Anytime you lose a loved one, you search for meaning. “Why did they have to die?” It is easier to accept death if you can find a meaning for it. This is true even if the death didn’t happen on the battlefield.

My 37-year-old mother was killed by a drunk driver when I was 10. Even at that age I searched for meaning in my loss. And I found purposes that comforted me. Less than two years ago, I lost my father to a short illness that seemed to come out of nowhere. He was only 64. Again, I sought meaning – something to redeem a bad situation.

It may seem cruel to deny meaning to those who’ve lost loved ones in war. But I am not doing that. Instead, I am trying to replace a fraudulent source of meaning with a truthful one. It will give true meaning to the death of those lost in mistaken wars if we resolve to never let it happen again.

Too many good young men (and women), with their own dreams, plans, hopes, and ambitions, as well as their own families, friends, wives/girlfriends, and children, are being sent to die. They’re not dying to keep us free. They’re not dying for their country. They’re dying for the ambitions and plans of politicians in a quest to create a Brave New World.

It’s even possible some of these politicians mean well, but their intentions must not be allowed to replace the intentions of the young people who die in their wars.


Deputy Defense Secretary Paul Wolfowitz believed Iraqis would embrace us as liberators. George Bush has said he still expects that to happen – despite overwhelming evidence to the contrary. Their intentions are good, but the results are not.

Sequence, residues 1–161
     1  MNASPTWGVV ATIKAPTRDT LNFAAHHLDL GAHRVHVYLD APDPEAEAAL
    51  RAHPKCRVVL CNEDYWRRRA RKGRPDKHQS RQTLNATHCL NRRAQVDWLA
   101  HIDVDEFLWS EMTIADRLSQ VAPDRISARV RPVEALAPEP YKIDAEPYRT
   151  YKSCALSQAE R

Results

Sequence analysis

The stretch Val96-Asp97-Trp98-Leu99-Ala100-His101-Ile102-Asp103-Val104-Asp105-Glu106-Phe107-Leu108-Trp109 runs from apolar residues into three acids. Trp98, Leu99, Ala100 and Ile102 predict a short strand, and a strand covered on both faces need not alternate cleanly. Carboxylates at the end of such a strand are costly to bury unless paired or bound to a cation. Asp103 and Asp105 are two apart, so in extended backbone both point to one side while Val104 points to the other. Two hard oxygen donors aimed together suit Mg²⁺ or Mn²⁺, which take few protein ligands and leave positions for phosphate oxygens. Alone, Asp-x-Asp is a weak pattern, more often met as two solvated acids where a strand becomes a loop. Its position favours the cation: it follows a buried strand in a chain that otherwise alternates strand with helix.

Wolfowitz and Bush didn’t trust the generals who said it would take 500,000 troops to do the job. Instead, they thought our good intentions would be enough to win over the Iraqis. But the road to hell is paved with good intentions. Government contractors supply the pavement, while policy wonks who’ve never served a day in battle supply the sales pitch.

Will the future be any better than the past? Not if history is any guide. When politicians go to war they usually get it wrong, and young men die for no purpose, while the American people engage in a game of “let’s play pretend,” to give false meaning to their losses.

If only John Kerry, the presidential candidate, had been as wise as John Kerry the returning Vietnam War veteran. He asked the right question back then: “How do you ask a man to be the last man to die for a mistake?”

I want to suggest that the proper way to celebrate Veteran’s Day is to ask that question.
Bring the troops home and keep them here. Be pro-life and put an end to the perpetual war for perpetual peace. Have them march in a parade. That’s much sweeter than, and just as honorable as having a wreath laid on your grave.

And which of the dead wouldn’t prefer to be doing that on this 11th day of the 11th month?

—–Jim Babka is the President of the Downsize DC Foundation (DownsizeDC.com) and DownsizeDC.org, Inc.